AMPONTAN

Japan from the inside out

The Edo period strip mall in Kuroishi

Posted by ampontan on Monday, December 20, 2010

MODERN SHOPPING and commercial complexes have become ubiquitous in Japan since the deregulation of the retail industry 20 years ago. I live in a town of 180,000, and about a 10-minute drive away is a shopping mall as large as any I’d seen in the United States before coming to Japan. There are several more of equal size dotted around town, and bigger ones still in the major metropolitan areas.

Before that, the shopping centers in a Japanese city’s commercial district tended to resemble the covered arcades of Britain and France discussed in this post. But what did the traditional shopping area look like before Japan reopened to the outside world and its influences during the Meiji Era?

It’s still possible to see one in the city of Kuroishi, Aomori. In the early years of the Edo period (the first half of the 17th century), Tsugaru Nobufusa, the first head of the domain controlled by the Kuroishi Tsugaru family, built his central administration building in Kuroishi after the family split off from the Hirosaki domain in Aomori. Located to the north was the samurai neighborhood, and lying to the south was the commercial area. Today there remains in the city’s Naka-machi district a shopping arcade with wood frame buildings that date from that period. It’s been officially designated a district with important traditional structures. Covered passageways called komise were built in front of the shops along the street to protect shoppers and pedestrians from the sun in the summer and the heavy snows of winter.

The area at the boundary of the Naka-machi and Mae-machi districts thrived as a commercial neighborhood between the urban section of the castle town of Hirosaki and the port in Aomori where the kitamaebune called. Those were commercial sailing ships that worked the northern coast on the Sea of Japan. In other words, a lot of people with money to spend passed through.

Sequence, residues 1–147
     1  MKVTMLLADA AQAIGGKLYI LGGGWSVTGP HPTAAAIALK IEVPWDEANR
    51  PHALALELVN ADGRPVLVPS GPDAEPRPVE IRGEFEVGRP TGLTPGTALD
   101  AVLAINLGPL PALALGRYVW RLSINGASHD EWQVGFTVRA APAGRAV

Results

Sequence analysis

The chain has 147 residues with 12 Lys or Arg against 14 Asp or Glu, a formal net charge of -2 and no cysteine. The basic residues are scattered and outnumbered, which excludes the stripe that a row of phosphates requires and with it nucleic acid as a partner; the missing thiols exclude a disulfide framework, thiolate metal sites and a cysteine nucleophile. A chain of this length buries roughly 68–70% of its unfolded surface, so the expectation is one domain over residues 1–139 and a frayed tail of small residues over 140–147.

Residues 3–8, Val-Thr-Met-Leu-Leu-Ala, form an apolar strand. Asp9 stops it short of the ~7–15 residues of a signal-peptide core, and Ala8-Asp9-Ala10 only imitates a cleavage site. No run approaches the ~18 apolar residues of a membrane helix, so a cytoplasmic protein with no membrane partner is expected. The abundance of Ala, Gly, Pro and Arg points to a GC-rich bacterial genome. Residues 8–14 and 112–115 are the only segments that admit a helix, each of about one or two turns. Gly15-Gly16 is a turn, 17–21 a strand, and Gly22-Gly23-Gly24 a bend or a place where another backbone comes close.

Not everyone can trek up to the far north to see for themselves, but luckily there’s a two-minute YouTube tour that will guide you through the best spots of Kuroishi’s Edo period strip mall, dirt floors and all. There’s one advantage to going there yourself–as you watch the video you’ll be serenaded by two men playing Tsugaru shamisen!

While you’re there, don’t forget to stop by for a meal of some of the distinctive Kuroishi yakisoba.

Add to FacebookAdd to DiggAdd to Del.icio.usAdd to StumbleuponAdd to RedditAdd to BlinklistAdd to TwitterAdd to TechnoratiAdd to Yahoo BuzzAdd to Newsvine

3 Responses to “The Edo period strip mall in Kuroishi”

  1. toadold said

    Sigh….I wish my medical expenses hadn’t wiped out my travel fund. I would put that shopping mall on my route for sure.

  2. camphortree said

    Yey! The Kuroishi street arcade resembles Idaho City, thirty five miles from Boise, Idaho. One of the three restaurants there is called Calamity Janes. Its wall is cluttered with pioneers’ gear such as rusted gold pans, washing board, butter churning tin can with a handle and fake old newspaper clips that show “wanted” lists that includes Buffalo Bill.
    Won’t it be fun if Japan could lift political correctness, and Kuroishi shops could also post “wanted” sign boards for the Ainu rebel, Aterui(阿弖流為) and Manchurian pirates invaders, mishihase(粛慎) . They were conquered, but fought great battles with the Yamato Army General Sakanoueno-Tamuramaro(坂上田村麻呂).

  3. toadold said

    Now that reminds me of the “Western Days” they used to have when guys with blackpowder blanks would “re-enact” Old West gun fights. I suppose they could have actors with swords and blood pacs duplicate Samurai confrentations on day of the month. I can see the Chicks passing out free wipe to get the excess blood spatter of observers faces…..am I sick or what?

Leave a Reply

Fill in your details below or click an icon to log in:

WordPress.com Logo

You are commenting using your WordPress.com account. Log Out /  Change )

Google photo

You are commenting using your Google account. Log Out /  Change )

Twitter picture

You are commenting using your Twitter account. Log Out /  Change )

Facebook photo

You are commenting using your Facebook account. Log Out /  Change )

Connecting to %s

 
%d bloggers like this: